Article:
Balancing the need for increased ventilation while maintaining a comfortable temperature
You may want to consider:
- opening high level windows in colder weather in preference to low level to reduce draughts
- increasing the ventilation while spaces are unoccupied (for example, between classes, during break and lunch, when a room is unused)
- providing flexibility to allow additional, suitable indoor clothing
- rearranging furniture where possible to avoid direct draughts
Heating should be used as necessary to ensure comfort levels are maintained, particularly in occupied spaces.
Further advice on this can be found in Health and Safety Executive (HSE) guidance on air conditioning and ventilation during the coronavirus outbreak and CIBSE coronavirus (COVID-19) guidance.
8. Ensure individuals wear the appropriate personal protective equipment (PPE) where necessary
Face coverings are not classified as PPE (personal protective equipment). PPE is used in a limited number of settings to protect wearers against hazards and risks, such as surgical masks or respirators used in medical and industrial settings. A face covering is a covering of any type that covers your nose and mouth.
Most staff in education, childcare and children’s social care settings will not require PPE beyond what they would normally need for their work, even if they are not always able to maintain a distance of 2 metres from others.
If a child, young person, or student already has routine intimate care needs that involve the use of PPE, the same PPE should continue to be used.
During the coronavirus (COVID-19) outbreak, additional PPE is only required in a very limited number of scenarios:
- if an individual child, young person or student becomes ill with coronavirus (COVID-19) symptoms and only then if a distance of 2 metres cannot be maintained
- when performing aerosol generating procedures (AGPs)
Depending on local arrangements, education and childcare settings may be able to access PPE for their coronavirus (COVID-19) needs via their local authority or local resilience forum. In this context, education and childcare settings means all registered childcare providers, schools (including independent schools, special schools, 16 to 19 academies and alternative provision) and FE providers.
For information on the arrangements in your local area, read personal protective equipment (PPE): local contacts for providers.
Where these local arrangements are not in place, education and childcare settings are responsible for sourcing their own PPE. Read the technical specifications for personal protective equipment (PPE).
In addition to existing procurement routes, settings and local authorities can source PPE and cleaning products through the Crown Commercial Service (CCS) safer working supplies website. Suppliers and products listed on this website meet standards set out by the Department of Health and Social Care. Products purchased through this route will not detract from supply available to medical settings. In addition, public sector buying organisations have pre-existing experience and relationships across the education, childcare and children’s social care sectors. Some of these organisations have e-catalogues offering PPE and cleaning products. They include:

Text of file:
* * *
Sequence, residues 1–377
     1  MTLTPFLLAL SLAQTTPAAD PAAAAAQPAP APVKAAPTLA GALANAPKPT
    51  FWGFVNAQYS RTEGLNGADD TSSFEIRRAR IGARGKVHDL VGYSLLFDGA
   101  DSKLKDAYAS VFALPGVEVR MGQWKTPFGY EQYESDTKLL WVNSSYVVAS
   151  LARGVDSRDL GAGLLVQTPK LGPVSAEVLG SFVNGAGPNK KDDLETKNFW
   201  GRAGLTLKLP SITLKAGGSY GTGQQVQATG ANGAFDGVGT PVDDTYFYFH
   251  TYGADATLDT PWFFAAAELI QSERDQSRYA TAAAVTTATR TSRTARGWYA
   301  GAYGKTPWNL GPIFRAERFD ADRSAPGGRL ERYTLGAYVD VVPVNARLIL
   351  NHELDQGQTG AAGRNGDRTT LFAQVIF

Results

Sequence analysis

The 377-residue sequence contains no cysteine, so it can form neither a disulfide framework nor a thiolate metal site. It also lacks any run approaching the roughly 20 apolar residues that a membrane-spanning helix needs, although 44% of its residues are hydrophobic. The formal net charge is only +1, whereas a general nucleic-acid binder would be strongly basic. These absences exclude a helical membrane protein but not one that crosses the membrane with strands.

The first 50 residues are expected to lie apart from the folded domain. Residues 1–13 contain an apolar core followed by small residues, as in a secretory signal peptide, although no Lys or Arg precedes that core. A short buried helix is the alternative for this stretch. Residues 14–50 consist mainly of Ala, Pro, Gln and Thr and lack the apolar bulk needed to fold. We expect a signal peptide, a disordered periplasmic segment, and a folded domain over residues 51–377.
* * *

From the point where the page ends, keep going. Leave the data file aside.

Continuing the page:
Regardless of local arrangements, if any education or childcare setting has an urgent unmet need for PPE they should contact their local authority. For urgent unmet need, local authorities should support settings to access PPE suppliers and locally available stock, including through coordinating the redistribution of available supplies according to priority needs.
If the local authority or local resilience forum is unable to respond to an education or childcare setting’s unmet urgent need for PPE, they will need to make their own judgement in line with their risk assessment as to whether it is safe to continue to operate.
The PPE portal can be used by children’s homes, secure children’s homes, and all special school settings to access coronavirus (COVID-19) PPE. These providers will have received an email invitation to register with the portal. Go to the PPE portal for information about ordering PPE.
9. Promote and engage in asymptomatic testing, where available
Rapid testing remains a vital part of our plan to suppress this virus. Settings should follow the guidance set out for their particular setting:
- primary schools, school-based nurseries and maintained nursery schools
- secondary schools and colleges
- specialist settings
Response to any infection